Taking Care of Yourself

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It's 4 a.m. and you wake up with a start.

You've only gotten to bed a couple of hours ago after a long day, but you can't sleep. You're a wreck because your father insists on staying in his home despite his severe glaucoma. He manages well enough in the daytime but you're worried about him being alone all night. Will he fall on the way to the bathroom? Oh, and did you forget to stock the fridge for him?

Maybe you should get up and go over there … but you've got to drive the kids to daycare in a little while and you have to get ready for work after that. And you just can't ask your husband to take off another day from his job to help out. He's already taken three days off this month.

Scenarios like this are familiar to anyone caring for an older relative with vision loss. The demands on your time—not to mention your physical and mental health—are considerable, especially in the early stages of adjustment.

Even though you feel overwhelmed, don't forget about the one other person you are responsible for … yourself. Set aside time in your life to relax and enjoy something that brings you satisfaction—a hobby, a movie, a long bath. If it seems impossible, keep these points in mind:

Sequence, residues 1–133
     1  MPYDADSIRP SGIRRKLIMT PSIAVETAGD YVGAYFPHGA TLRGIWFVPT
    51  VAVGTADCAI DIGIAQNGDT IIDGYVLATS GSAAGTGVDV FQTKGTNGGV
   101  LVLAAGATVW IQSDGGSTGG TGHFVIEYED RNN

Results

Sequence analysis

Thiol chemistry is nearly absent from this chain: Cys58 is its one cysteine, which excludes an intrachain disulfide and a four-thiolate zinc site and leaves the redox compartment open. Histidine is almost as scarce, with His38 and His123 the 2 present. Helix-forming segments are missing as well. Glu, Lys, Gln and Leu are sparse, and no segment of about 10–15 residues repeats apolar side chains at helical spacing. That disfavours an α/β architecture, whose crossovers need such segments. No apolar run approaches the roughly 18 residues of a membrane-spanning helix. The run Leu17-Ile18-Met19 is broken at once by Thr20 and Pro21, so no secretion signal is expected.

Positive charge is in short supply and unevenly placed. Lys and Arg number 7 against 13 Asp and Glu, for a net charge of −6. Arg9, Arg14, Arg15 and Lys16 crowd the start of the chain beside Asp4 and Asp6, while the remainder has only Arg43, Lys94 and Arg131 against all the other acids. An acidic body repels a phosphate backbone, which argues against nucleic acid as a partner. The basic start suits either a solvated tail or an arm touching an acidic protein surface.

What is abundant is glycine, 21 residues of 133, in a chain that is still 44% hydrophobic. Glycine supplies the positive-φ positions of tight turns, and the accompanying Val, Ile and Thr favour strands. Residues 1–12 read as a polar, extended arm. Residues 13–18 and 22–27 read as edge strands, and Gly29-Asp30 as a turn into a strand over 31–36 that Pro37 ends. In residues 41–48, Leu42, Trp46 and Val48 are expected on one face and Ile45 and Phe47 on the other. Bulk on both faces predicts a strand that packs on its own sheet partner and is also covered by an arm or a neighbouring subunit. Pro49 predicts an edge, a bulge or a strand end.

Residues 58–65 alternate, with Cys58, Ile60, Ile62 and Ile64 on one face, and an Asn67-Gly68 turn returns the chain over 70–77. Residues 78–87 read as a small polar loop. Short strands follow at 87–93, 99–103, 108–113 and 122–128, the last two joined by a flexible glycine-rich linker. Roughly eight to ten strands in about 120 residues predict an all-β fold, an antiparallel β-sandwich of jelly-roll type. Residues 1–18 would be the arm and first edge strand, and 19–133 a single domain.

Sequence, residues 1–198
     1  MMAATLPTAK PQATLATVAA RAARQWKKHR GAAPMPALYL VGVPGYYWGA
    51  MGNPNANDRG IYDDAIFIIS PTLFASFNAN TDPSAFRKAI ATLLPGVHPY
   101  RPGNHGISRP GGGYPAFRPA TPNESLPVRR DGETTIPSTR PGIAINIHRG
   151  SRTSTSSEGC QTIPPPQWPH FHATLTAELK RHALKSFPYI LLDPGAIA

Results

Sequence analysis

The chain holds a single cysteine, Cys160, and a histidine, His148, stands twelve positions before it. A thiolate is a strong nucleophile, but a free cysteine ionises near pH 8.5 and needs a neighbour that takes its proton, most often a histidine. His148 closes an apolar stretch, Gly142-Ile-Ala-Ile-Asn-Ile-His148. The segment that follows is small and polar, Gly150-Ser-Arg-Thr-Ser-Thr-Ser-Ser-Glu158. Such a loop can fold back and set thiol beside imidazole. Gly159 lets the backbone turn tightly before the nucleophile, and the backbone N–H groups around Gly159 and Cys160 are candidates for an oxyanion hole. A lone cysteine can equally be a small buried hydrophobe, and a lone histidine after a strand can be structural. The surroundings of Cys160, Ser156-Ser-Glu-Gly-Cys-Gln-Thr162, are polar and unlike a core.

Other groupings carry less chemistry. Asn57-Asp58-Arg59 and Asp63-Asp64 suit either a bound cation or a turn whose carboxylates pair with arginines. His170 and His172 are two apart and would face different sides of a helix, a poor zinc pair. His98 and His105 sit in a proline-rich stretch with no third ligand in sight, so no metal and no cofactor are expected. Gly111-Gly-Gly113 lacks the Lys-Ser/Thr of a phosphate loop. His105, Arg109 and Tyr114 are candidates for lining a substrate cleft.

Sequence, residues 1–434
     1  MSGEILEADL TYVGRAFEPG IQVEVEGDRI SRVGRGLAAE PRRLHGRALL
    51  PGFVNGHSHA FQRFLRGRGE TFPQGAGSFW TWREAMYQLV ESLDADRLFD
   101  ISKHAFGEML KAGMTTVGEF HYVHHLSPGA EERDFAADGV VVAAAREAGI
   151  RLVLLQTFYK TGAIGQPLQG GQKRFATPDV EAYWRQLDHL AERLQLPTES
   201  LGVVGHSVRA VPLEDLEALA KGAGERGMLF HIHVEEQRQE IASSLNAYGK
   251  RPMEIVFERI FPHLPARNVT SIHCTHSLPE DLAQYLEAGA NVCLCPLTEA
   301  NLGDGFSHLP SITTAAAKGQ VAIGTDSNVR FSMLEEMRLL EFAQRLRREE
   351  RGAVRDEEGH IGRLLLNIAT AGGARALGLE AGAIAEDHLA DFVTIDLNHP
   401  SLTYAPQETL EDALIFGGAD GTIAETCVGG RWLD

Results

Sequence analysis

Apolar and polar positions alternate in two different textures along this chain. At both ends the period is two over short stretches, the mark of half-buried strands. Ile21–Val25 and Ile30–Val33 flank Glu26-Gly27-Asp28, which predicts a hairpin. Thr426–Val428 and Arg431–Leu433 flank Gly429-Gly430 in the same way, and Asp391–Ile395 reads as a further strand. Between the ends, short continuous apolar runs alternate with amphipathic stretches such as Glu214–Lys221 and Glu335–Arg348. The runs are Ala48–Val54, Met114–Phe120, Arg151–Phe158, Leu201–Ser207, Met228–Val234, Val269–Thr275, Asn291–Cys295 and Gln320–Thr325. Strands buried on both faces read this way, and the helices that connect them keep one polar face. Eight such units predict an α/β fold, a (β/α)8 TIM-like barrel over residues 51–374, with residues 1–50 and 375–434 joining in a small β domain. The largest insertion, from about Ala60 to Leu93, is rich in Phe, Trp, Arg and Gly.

• Don't overburden yourself needlessly. The whole point of assisting relatives with vision loss is to enable them to maintain their independence, not to "take over" their lives. Many of the tasks you feel you need to do are things that your loved either can manage themselves or will manage with time.

  • Ask your relative for help when you need it. If you're too busy to make dinner or finish that load of laundry, your relative can pitch in. Or maybe they can watch the kids for an hour or two so you can catch a break. Mom or dad will probably welcome such opportunities to assist the family.

  • You are not alone. Everything you're going through has been experienced by thousands of other people just like you. Take advantage of caregiver support groups and organizations (see the For More Information section below). In addition to offering moral support, many of these groups provide recreation suggestions, health advice, and great tips for managing your time.

  • Your health is paramount. Yes, people are depending on you—but you can't be there for them if you are exhausted. Take care of yourself.

For More Information:

  • The Family Caregiver Alliance. FCA was the first community-based nonprofit organization in the country to address the needs of families and friends providing long-term care at home. FCA now offers programs at national, state, and local levels to support and sustain caregivers, and has an online family support group.

  • The National Family Caregivers Association. The NFCA provides support and information for caregivers of all types, and has a tips sections for dealing with a variety of issues.

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